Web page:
4 Reasons Why You Can’t Ignore Facebook Advertising
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4 Reasons Why You Can’t Ignore Facebook Advertising

Last updated on October 31, 2016 by Ted Vrountas in Facebook Advertising
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Businesses still don’t believe Facebook advertising is worth the investment.

At least, that’s one takeaway from a new survey of 540 small business owners.

Those respondents would be surprised to find out that Facebook is on track to pull in $16.3 billion in global ad revenue this year, after seeing a 25% increase in advertisers on the platform since February 2015.

Now over 2.5 million people use Facebook advertising to reach their customers on social media. Here are four reasons you should join them.

1. Facebook advertising is laser-focused

With seemingly endless demographics, behaviors, and interests, the most powerful feature of Facebook’s advertising platform is by far its targeting capabilities – the ones they’re able to provide as a result of their mountain of user data.

Some of those targeting options include:

  • Location
  • Education
  • Work
  • Financial status
  • Generation
  • Parental status
  • Ethnicity
  • Languages
  • Connections to specific Facebook pages
  • Behaviors

And maybe more impressive than all the user data they have on one-fifth of the world, is how they got it in the first place.

When you “liked” the Boston Red Sox on Facebook, they added that to their pool of data.

When you shared that “Harry Potter and the Sorcerer’s Stone” was one of your favorite books, they added that to their data pool, too.

When you posted that status update to announce your engagement, they stored that as well.

The bottom line is this: Every time you “like” a page, interact with a post, or fill out another part of your profile, you voluntarily submit data to Facebook they make available to advertisers.

It is safe to assume that almost every Facebook action you take is being stored and used by businesses to serve you targeted advertisements. That’s how the social media giant has been able to amass the majority of its data.

Let’s take a peek inside Facebook’s Power Editor tool to see how targeted we can get our ads:

This picture shows how Facebook advertising can target users.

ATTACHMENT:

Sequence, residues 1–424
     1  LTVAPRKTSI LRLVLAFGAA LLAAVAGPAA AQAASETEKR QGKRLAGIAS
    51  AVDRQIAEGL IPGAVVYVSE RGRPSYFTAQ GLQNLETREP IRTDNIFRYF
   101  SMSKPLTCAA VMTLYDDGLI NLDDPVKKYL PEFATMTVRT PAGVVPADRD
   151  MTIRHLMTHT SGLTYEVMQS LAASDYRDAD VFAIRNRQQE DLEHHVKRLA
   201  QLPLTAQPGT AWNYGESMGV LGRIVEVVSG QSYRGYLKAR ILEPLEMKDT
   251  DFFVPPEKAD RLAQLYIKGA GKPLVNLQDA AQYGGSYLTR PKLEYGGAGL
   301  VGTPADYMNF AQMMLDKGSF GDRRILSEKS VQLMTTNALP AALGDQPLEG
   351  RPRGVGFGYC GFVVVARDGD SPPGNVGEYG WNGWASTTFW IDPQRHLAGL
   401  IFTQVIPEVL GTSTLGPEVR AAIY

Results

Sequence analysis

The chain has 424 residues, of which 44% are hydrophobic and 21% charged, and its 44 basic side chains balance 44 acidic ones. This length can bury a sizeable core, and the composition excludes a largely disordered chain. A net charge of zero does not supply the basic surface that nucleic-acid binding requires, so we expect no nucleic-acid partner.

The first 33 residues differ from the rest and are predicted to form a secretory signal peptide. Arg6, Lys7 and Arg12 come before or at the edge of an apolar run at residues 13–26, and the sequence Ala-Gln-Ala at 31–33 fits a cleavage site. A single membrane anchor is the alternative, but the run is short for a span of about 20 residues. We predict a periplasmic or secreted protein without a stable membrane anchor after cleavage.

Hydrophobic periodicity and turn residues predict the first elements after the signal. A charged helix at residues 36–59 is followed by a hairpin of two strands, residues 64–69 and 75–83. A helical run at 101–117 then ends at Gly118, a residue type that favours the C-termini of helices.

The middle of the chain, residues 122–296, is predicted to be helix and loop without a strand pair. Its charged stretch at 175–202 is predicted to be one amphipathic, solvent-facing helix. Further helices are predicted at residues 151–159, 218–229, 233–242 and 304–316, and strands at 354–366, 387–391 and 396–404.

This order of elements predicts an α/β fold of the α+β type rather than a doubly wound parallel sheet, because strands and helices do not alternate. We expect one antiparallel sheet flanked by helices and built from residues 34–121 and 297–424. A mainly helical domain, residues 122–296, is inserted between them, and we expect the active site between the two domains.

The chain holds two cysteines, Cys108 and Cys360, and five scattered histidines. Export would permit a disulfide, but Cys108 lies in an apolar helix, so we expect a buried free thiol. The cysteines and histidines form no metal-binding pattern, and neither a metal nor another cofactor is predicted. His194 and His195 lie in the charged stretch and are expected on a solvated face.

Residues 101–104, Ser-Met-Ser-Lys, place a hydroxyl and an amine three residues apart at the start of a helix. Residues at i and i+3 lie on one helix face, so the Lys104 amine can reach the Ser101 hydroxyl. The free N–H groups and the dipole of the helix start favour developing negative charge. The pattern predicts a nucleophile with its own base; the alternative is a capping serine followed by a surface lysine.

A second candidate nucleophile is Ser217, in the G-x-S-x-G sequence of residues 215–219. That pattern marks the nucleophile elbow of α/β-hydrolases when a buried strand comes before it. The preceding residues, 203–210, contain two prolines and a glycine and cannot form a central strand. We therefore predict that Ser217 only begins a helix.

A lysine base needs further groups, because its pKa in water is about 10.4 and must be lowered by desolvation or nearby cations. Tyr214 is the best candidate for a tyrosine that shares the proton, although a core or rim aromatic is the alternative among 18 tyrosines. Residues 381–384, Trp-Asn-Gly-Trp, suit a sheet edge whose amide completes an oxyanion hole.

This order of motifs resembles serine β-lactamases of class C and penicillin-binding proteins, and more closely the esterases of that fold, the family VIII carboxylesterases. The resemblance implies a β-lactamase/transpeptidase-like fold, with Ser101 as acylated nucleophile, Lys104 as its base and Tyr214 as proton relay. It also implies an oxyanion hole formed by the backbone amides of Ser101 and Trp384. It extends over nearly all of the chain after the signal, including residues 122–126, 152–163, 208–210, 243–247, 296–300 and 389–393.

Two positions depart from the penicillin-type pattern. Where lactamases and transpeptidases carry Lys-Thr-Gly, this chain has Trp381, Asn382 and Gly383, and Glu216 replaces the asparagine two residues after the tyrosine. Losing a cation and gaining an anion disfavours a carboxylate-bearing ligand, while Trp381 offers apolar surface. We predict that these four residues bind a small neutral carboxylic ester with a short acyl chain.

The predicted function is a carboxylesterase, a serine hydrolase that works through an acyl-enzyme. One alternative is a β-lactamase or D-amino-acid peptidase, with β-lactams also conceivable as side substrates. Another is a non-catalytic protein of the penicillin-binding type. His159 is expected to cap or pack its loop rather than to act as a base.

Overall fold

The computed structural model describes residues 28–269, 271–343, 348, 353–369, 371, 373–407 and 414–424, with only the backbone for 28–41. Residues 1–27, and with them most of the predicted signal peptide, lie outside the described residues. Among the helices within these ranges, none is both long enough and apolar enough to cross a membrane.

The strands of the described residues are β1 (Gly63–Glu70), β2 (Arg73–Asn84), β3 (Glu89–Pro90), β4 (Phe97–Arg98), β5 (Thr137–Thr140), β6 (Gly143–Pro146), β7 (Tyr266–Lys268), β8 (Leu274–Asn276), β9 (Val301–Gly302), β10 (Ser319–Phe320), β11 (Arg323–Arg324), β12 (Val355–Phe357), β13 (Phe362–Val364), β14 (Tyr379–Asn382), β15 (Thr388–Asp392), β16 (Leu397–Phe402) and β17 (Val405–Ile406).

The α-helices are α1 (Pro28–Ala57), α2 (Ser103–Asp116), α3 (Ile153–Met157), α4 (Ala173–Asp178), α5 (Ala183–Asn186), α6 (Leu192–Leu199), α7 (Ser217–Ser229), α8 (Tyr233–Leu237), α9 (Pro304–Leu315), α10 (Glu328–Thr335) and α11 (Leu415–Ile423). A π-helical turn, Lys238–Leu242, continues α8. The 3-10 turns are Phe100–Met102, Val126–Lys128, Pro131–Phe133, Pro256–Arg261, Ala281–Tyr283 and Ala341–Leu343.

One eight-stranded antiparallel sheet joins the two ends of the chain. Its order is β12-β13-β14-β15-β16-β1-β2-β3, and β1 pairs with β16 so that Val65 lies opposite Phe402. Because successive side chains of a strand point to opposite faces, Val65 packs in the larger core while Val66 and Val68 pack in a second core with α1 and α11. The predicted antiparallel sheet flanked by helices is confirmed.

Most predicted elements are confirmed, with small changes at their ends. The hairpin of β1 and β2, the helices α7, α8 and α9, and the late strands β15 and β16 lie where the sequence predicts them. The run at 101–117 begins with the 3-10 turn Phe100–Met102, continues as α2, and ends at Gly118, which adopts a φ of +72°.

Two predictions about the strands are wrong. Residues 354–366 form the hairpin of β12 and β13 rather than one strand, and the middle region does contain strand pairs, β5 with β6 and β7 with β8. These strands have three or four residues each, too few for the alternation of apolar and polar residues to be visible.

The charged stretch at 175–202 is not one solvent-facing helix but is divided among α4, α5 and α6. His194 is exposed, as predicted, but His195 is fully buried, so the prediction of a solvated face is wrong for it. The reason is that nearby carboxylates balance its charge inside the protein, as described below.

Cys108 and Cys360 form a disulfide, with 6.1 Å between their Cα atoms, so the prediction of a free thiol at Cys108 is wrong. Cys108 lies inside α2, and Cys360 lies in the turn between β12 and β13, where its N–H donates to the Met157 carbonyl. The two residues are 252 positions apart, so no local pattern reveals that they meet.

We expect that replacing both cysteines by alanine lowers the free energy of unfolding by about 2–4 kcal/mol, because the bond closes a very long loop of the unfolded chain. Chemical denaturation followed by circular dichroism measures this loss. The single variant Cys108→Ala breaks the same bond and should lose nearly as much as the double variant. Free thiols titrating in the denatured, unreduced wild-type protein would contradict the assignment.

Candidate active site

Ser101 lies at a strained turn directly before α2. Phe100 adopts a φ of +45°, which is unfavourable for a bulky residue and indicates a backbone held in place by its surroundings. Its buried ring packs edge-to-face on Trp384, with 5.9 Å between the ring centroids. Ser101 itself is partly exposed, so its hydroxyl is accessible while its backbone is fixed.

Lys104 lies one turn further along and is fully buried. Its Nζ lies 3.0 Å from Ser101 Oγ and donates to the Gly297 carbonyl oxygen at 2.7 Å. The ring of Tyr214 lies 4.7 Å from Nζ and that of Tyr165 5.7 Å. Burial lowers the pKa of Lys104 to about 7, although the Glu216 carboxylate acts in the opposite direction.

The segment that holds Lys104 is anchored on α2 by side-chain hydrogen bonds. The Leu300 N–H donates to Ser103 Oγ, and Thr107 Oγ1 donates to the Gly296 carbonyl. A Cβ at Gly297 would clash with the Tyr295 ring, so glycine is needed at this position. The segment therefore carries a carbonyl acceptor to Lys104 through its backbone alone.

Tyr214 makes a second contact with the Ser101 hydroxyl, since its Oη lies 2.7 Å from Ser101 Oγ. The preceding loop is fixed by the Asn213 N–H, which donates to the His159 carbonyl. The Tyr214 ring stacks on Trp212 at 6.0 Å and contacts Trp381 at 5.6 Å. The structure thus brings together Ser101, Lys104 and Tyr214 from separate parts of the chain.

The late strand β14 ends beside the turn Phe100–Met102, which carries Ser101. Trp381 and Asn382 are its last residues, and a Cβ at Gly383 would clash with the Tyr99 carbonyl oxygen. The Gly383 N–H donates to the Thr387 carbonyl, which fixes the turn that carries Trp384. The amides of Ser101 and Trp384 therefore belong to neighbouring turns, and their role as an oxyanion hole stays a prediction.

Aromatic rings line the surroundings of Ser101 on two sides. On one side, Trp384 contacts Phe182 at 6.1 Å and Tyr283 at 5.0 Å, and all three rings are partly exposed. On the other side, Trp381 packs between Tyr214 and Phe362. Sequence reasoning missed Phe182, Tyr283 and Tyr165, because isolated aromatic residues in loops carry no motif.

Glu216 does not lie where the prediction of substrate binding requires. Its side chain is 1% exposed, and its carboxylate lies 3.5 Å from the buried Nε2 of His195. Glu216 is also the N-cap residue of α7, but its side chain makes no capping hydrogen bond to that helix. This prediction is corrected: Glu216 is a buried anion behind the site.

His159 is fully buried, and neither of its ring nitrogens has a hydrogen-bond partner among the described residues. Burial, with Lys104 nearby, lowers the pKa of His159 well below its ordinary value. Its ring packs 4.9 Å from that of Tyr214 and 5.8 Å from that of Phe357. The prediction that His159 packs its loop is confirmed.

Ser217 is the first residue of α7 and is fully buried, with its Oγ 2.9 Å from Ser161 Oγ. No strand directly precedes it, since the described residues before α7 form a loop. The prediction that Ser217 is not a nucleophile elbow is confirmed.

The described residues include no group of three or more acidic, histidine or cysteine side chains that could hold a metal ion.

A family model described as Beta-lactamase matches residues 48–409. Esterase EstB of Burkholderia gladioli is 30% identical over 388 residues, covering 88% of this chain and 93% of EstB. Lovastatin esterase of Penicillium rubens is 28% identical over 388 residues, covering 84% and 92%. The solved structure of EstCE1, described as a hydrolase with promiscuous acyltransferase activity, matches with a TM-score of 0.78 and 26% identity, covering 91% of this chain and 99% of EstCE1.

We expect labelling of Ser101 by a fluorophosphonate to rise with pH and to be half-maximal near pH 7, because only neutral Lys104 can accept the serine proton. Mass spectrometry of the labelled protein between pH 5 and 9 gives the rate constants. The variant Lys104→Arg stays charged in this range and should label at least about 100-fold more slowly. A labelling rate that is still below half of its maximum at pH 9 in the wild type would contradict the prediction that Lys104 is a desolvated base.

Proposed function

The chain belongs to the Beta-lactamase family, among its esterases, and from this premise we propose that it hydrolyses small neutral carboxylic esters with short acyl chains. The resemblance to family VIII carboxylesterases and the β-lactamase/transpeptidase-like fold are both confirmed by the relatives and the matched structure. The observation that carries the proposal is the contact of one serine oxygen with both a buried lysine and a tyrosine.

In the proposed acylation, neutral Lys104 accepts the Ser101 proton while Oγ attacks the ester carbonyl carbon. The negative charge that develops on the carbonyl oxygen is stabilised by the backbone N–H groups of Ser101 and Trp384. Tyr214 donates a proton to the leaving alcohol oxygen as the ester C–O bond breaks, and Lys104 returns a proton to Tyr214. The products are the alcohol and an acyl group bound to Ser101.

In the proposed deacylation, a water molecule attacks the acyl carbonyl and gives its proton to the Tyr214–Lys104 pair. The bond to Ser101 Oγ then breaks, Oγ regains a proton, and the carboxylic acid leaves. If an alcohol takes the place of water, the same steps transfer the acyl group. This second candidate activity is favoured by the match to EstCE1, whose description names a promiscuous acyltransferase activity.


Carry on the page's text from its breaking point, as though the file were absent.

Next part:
For the ad set above, I’m targeting 25-30 year-old liberal, divorced, doctorate-holding, female General Motors mechanical technicians, who studied mechanical engineering at Harvard between 2008 and 2012, who have a child between 1 and 2 years old, own a Lincoln, speak English, are interested in XBOX or Microsoft, and are traveling within a 25-mile radius of Boston, Massachusetts.

Whew. Try saying all of that in one breath!

Now, would I ever want to get that specific? Probably not. As you can see above, my potential reach is only 20 people. I just wanted to give you an idea of how focused you could get with Facebook’s targeting tools.

Use them wisely, and remember – even the most targeted ad won’t be successful if you don’t create a dedicated social media landing page for it. And you can create as many free pages as you’d like right here with unlimited traffic!

2. You can potentially reach one-fifth of the world

If “everybody’s doing it” was ever a good reason to get involved in something, this is it.

With 1.49 billion monthly active users, more than one-fifth of the entire world is on Facebook. That means when you add up every member of Twitter, Instagram, Pinterest, and LinkedIn, Facebook users still outnumber them all by more than 300 million.  

Consider some of these other surprising statistics...

There’s no question that there are people interested in your business on Facebook. All you need to do is find them.

3. Facebook has buying decision influence

Social media guru Jeff Bullas reported last year that a whopping 47% of Americans say Facebook is their number 1 influencer of purchases. That statistic is in line with other research that shows…